Sunday, September 18, 2011

Rick Perry - Designing A Candidacy

Three-term Texas Governor Rick Perry entered the Republican race for president comparatively late, given Mitt Romney's seeming campaign-from-birth (or at least since leaving the Massachusetts' governorship in January 2007). As other early announcements were made, many heavy hitters in the Republican party seemed to long for a more formidable player to take on President Barack Obama. Perry leapt into the ring to fill a perceived void of experience and moxy. Thanks to Perry's trademark swagger and right-wing appeal, boosters and foes alike both know him as charging full-steam ahead toward any roadblock appearing in his way.
Perry's campaign logo features many of these same hallmarks. Its lettering is confident and obvious, but the overall design seems an afterthought, as though his rushed communications team needed an image to plaster on bumper stickers and, therefore, ran with its first proposed mock-up. The logo's lettering is clear, with Perry's last name featured in puffy, all-caps Times New Roman. The colors are dark red, white, and blue, and a luminous glow gives the oval shape and its emerging stars a shadowed, 3D effect. The purpose of the design, however, is ambiguous. The word "president" appears beneath Perry's moniker in a discordant, oddly kerned, sans-serif font. There is no overt slogan to impart a clear message, and the general impression is fairly bland.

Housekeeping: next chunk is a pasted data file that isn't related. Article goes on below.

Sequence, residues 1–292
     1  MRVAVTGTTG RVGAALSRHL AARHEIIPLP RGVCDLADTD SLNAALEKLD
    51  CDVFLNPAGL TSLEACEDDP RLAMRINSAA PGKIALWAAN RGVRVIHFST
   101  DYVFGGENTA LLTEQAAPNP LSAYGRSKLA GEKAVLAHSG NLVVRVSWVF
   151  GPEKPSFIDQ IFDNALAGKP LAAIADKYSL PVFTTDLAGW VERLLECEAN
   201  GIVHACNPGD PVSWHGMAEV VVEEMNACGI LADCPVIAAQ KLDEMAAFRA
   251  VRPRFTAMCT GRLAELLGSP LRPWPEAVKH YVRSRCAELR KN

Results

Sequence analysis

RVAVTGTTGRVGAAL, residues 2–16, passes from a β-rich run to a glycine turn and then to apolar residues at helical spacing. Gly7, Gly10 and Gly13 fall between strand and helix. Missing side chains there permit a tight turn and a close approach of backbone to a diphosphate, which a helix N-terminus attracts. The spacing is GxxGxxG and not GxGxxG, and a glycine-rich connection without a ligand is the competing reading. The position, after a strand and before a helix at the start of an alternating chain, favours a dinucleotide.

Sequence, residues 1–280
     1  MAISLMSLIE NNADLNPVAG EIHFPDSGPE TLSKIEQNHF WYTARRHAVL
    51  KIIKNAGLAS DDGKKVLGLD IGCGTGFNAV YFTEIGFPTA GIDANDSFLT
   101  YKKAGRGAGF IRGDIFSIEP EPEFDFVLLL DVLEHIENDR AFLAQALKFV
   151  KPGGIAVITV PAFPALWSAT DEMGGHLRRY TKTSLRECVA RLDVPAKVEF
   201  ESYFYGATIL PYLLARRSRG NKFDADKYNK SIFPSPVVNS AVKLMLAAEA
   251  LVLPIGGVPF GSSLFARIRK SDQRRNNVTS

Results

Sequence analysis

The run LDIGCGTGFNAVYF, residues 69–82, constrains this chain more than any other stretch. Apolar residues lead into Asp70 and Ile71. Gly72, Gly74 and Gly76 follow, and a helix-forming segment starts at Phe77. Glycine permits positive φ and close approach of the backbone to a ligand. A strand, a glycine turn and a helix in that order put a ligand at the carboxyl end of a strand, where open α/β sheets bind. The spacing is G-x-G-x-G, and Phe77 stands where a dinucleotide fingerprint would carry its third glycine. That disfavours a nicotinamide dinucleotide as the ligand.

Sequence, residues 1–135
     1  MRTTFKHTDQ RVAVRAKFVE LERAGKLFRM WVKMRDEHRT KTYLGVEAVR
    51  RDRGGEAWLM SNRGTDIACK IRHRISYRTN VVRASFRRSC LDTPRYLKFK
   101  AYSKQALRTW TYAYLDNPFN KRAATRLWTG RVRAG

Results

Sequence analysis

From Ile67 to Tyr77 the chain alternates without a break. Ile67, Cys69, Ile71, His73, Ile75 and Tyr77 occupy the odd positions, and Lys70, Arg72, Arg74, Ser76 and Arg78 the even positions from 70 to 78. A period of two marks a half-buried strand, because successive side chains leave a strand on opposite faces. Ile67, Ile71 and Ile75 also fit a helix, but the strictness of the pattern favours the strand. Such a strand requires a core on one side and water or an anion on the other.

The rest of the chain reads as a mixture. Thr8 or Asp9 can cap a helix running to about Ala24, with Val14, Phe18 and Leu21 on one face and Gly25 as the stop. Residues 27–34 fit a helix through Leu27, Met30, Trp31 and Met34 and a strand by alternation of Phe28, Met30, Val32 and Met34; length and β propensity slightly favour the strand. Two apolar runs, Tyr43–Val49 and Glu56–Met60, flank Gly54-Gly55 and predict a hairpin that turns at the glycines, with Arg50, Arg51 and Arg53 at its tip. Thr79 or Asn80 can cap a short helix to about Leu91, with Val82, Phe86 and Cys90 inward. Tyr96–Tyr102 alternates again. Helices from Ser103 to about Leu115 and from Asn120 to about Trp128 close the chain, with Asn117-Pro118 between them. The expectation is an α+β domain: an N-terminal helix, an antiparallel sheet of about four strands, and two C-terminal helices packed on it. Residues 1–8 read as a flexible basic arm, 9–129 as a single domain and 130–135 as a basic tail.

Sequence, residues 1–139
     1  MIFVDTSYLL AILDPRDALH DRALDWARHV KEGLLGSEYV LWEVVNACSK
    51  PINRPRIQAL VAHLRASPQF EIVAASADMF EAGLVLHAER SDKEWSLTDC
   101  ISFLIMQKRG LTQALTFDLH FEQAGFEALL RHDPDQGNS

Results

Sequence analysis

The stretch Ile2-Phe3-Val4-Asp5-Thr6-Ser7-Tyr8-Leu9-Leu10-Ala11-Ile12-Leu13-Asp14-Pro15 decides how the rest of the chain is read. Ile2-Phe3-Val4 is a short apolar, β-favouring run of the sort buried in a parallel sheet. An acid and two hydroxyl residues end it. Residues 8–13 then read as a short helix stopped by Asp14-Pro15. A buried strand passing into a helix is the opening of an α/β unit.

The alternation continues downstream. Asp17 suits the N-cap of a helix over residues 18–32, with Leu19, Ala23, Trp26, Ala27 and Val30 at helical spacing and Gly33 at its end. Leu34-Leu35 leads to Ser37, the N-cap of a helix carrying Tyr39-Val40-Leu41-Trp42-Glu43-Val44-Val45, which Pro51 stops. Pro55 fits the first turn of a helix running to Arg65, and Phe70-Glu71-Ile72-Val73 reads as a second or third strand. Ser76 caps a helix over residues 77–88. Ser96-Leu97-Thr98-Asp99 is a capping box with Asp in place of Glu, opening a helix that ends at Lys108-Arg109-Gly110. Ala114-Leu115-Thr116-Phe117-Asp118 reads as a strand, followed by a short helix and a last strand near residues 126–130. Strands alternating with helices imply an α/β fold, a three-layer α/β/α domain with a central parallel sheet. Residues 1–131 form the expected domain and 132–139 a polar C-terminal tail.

Perry's design is inoffensive, but it does not strive for any added value. It fills a space on a podium, but it likely would not resonate with any undecided voter. Much like the hasty entry of Perry himself into the race, his logo seems eclipsed by the silhouette of his own outsized bluster. If he continues his stand at the top of the polls, we would not be surprised to see Perry's team tweak its current image and enhance its visual significance with additional mottos, symbols, or niche references. At the very least, Perry's impulsive brand reinforces his key differentiation from the overly workshopped, corporate stiffness of opponent Mitt Romney.

Check out our other posts about design and education in the 2012 election.

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